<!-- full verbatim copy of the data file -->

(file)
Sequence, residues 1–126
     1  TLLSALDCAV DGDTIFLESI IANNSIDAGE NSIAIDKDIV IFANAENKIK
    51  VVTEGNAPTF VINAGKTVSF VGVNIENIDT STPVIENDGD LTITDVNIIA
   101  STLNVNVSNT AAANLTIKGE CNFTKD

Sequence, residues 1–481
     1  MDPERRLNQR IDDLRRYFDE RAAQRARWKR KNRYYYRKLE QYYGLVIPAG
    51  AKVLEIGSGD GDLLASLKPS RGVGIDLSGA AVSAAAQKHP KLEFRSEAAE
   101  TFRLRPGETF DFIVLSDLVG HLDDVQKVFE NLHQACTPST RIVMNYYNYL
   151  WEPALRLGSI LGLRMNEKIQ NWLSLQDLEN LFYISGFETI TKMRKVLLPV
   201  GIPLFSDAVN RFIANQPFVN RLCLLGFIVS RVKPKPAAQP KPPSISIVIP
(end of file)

Sequence, residues 1–126
     1  TLLSALDCAV DGDTIFLESI IANNSIDAGE NSIAIDKDIV IFANAENKIK
    51  VVTEGNAPTF VINAGKTVSF VGVNIENIDT STPVIENDGD LTITDVNIIA
   101  STLNVNVSNT AAANLTIKGE CNFTKD

Sequence, residues 1–481
     1  MDPERRLNQR IDDLRRYFDE RAAQRARWKR KNRYYYRKLE QYYGLVIPAG
    51  AKVLEIGSGD GDLLASLKPS RGVGIDLSGA AVSAAAQKHP KLEFRSEAAE
   101  TFRLRPGETF DFIVLSDLVG HLDDVQKVFE NLHQACTPST RIVMNYYNYL
   151  WEPALRLGSI LGLRMNEKIQ NWLSLQDLEN LFYISGFETI TKMRKVLLPV
   201  GIPLFSDAVN RFIANQPFVN RLCLLGFIVS RVKPKPAAQP KPPSISIVIP